- Open Access
Swift tuning from spherical molybdenum microspheres to hierarchical molybdenum disulfide nanostructures by switching from solvothermal to hydrothermal synthesis route
© Korea Nano Technology Research Society 2017
- Received: 23 June 2017
- Accepted: 15 September 2017
- Published: 29 September 2017
Herein, we report the synthesis of metallic molybdenum microspheres and hierarchical MoS2 nanostructures by facile template-free solvothermal and hydrothermal approach, respectively. The morphological transition of the Mo microspheres to hierarchical MoS2 nanoflower architectures is observed to be accomplished with change in solvent from ethylenediamine to water. The resultant marigold flower-like MoS2 nanostructures are few layers thick with poor crystallinity while spherical ball-like molybdenum microspheres exhibit better crystalline nature. This is the first report pertaining to the synthesis of Mo microspheres and MoS2 nanoflowers without using any surfactant, template or substrate in hydro/solvothermal regime. It is opined that such nanoarchitectures of MoS2 are useful candidates for energy related applications such as hydrogen evolution reaction, Li ion battery and pseudocapacitors. Inquisitively, metallic Mo can potentially act as catalyst as well as fairly economical Surface Enhanced Raman Spectroscopy (SERS) substrate in biosensor applications.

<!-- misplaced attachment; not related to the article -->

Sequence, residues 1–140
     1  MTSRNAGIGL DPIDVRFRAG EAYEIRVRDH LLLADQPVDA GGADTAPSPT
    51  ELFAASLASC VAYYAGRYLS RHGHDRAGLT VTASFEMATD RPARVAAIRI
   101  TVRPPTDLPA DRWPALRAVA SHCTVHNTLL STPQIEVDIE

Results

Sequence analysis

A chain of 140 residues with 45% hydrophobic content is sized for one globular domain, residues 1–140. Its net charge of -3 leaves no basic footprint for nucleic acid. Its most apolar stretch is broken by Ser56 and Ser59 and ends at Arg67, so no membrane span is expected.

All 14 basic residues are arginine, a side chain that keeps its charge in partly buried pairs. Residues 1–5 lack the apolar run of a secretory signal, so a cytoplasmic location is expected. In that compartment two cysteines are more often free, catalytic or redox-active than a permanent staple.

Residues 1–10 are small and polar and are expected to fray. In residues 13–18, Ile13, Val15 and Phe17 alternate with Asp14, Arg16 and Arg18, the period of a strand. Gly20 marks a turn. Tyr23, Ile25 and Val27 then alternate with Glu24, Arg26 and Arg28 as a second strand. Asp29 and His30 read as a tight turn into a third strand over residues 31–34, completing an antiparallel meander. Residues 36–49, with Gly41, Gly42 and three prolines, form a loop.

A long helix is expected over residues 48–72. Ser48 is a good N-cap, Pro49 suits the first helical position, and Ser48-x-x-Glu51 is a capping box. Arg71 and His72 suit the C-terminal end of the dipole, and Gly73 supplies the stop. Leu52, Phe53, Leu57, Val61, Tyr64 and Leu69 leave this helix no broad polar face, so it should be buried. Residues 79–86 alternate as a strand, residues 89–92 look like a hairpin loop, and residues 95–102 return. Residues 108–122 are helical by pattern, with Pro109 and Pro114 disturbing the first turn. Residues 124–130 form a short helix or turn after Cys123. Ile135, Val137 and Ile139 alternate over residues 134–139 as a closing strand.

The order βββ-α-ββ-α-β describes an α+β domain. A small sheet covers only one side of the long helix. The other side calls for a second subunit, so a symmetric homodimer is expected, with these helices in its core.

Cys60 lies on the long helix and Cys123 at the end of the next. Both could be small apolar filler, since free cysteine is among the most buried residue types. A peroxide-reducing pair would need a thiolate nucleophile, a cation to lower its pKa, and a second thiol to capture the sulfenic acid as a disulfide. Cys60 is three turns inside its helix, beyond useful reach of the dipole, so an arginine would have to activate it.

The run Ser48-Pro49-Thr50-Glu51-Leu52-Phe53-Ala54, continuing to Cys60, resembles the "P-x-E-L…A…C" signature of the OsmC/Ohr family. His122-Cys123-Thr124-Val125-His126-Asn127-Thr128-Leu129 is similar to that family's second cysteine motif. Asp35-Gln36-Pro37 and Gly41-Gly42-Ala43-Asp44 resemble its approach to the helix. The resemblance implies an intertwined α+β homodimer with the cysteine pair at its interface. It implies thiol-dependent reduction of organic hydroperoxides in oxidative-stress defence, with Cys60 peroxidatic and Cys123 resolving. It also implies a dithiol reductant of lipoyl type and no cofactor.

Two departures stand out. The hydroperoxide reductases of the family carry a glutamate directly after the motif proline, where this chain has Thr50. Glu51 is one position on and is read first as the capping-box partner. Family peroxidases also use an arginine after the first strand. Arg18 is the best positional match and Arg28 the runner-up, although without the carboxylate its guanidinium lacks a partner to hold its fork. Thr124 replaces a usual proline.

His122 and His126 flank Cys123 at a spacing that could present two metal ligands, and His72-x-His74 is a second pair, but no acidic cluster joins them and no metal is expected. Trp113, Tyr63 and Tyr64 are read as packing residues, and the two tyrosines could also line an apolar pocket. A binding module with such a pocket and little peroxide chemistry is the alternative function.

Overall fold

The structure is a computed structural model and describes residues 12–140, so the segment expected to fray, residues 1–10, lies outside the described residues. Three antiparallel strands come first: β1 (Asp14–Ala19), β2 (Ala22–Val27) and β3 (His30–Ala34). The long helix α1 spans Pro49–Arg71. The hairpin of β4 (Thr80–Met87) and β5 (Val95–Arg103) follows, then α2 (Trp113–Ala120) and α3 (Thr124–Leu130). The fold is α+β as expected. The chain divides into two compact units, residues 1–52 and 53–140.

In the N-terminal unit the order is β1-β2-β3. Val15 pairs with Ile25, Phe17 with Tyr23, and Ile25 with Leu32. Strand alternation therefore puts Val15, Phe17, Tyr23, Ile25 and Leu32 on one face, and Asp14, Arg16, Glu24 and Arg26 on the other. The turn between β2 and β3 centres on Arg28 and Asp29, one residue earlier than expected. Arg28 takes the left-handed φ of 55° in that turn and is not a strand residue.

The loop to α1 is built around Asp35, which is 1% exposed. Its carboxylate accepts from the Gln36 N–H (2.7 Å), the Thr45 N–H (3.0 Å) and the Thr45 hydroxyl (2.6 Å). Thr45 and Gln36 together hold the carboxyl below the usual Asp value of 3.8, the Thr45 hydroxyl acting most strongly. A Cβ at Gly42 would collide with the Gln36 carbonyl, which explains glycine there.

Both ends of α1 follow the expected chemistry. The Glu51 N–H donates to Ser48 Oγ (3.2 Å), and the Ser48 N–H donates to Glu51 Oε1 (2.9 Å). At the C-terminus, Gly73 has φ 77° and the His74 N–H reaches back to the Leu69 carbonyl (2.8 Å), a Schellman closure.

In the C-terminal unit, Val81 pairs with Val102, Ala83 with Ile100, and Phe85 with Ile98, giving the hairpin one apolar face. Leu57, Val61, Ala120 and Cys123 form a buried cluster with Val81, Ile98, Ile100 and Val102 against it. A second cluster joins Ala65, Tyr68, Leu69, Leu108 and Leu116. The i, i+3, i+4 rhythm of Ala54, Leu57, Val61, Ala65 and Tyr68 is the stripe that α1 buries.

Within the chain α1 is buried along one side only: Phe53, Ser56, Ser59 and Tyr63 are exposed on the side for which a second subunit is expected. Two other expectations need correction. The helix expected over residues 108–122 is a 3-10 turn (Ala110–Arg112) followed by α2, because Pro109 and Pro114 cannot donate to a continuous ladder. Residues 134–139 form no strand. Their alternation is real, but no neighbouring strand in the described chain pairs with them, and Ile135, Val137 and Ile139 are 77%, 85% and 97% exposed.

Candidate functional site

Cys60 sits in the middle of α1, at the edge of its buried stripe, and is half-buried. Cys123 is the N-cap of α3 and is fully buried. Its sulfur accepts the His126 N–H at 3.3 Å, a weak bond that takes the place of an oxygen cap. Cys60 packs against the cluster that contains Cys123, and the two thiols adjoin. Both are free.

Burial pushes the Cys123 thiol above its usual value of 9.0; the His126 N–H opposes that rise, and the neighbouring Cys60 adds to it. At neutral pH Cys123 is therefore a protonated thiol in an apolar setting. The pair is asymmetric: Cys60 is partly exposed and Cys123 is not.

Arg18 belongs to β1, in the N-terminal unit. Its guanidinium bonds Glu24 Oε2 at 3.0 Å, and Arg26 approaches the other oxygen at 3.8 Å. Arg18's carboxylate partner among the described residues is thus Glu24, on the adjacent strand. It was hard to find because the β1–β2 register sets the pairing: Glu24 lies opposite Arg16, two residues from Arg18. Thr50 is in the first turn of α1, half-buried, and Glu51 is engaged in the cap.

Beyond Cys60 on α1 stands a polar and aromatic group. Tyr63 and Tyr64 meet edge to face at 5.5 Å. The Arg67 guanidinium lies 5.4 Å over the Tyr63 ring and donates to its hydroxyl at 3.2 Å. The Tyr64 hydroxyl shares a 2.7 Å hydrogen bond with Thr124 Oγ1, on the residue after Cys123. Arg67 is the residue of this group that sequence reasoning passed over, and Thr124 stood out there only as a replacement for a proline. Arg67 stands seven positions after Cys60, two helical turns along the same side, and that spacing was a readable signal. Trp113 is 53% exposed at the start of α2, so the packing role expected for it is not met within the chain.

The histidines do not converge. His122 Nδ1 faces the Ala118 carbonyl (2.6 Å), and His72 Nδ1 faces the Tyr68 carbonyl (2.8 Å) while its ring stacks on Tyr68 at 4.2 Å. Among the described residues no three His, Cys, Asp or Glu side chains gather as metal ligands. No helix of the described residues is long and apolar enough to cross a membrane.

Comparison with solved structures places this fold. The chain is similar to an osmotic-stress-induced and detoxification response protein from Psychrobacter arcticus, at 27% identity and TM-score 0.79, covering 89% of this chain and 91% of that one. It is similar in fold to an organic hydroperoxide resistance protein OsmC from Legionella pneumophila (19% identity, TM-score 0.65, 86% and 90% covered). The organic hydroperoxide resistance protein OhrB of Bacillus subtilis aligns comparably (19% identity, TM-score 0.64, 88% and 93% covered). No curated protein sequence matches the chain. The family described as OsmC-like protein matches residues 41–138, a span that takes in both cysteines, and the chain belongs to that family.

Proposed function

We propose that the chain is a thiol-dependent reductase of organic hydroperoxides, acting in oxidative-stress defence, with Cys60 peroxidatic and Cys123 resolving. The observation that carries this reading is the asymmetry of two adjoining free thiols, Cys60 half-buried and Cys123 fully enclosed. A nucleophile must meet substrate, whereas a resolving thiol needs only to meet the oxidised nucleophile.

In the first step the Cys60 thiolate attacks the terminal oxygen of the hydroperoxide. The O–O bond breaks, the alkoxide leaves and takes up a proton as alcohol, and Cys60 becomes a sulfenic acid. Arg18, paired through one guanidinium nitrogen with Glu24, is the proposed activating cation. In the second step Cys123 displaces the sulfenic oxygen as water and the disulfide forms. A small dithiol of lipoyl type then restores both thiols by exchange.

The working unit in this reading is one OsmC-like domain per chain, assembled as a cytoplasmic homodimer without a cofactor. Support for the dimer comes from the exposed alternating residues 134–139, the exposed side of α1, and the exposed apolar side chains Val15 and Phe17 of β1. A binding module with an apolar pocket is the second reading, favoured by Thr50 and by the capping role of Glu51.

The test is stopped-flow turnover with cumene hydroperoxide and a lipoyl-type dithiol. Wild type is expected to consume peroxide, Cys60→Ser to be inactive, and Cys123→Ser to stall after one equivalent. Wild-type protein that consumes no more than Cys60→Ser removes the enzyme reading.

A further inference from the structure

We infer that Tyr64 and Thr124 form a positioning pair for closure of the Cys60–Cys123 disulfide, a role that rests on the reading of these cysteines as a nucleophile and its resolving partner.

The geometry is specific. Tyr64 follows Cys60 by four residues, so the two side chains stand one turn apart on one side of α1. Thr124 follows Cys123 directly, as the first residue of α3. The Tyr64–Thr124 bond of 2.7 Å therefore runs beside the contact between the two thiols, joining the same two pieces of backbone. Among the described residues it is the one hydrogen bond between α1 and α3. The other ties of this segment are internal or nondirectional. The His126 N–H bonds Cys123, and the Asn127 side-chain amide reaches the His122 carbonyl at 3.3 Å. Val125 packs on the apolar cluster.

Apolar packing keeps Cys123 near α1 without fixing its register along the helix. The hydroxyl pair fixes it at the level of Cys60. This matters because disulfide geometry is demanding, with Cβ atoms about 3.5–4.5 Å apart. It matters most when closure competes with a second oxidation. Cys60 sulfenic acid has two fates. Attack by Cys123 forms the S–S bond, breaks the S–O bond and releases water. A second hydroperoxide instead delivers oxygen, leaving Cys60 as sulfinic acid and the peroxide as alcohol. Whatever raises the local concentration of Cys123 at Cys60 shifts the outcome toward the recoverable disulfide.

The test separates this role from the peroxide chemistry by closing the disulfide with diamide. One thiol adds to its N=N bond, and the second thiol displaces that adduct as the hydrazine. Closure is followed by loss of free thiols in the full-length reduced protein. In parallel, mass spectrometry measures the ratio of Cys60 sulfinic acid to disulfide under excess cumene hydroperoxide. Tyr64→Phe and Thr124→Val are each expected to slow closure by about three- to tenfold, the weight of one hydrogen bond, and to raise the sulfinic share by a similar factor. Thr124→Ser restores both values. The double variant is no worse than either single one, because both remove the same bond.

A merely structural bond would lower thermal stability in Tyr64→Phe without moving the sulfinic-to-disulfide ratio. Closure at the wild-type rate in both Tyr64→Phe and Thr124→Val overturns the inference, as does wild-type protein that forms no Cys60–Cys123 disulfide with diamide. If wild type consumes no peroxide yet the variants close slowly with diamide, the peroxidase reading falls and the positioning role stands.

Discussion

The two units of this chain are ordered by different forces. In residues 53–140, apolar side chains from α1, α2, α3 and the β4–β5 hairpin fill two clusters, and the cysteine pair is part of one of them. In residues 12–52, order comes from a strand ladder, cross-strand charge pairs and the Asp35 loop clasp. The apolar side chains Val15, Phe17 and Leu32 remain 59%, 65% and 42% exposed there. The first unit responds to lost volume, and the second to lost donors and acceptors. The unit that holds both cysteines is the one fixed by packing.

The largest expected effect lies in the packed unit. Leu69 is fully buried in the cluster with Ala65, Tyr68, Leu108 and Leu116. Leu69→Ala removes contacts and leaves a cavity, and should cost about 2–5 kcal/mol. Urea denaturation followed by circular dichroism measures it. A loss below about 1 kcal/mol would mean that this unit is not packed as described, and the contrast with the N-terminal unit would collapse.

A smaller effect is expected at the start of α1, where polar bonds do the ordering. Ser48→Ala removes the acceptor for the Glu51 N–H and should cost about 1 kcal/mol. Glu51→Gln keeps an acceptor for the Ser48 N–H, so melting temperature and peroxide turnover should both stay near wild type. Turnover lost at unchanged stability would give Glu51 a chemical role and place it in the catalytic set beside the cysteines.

- Metallic molybdenum
- Molybdenum disulfide
- Hierarchical nanostructures
In the family of molybdenum compounds, metallic molybdenum and molybdenum disulfide are the least and the most explored entities as far as their synthesis is concerned. Curiously, research on molybdenum nanoparticles has not been adequately pursued as compared to the noble metals such as gold and silver though it is cheaper and readily available and has the potential of being used in catalytic, refractory plasmonic as well as in biosensing applications. There are sporadic reports pertaining to the synthesis of molybdenum nanostructures [1–8]. Mostly, molybdenum nanostructures have been generated by various plasma techniques such as RF plasma , DC magnetron sputtering [2, 3], electron cyclotron resonance plasma  etc. Recently, nanocomposites of Mo-polyphenylene sulfide (PPS) and Mo-MoO3-PPS have also been reported by novel polymer-inorganic solid-state reaction method . However, synthesis of molybdenum nanostructures using facile solvothermal route has not been reported so far.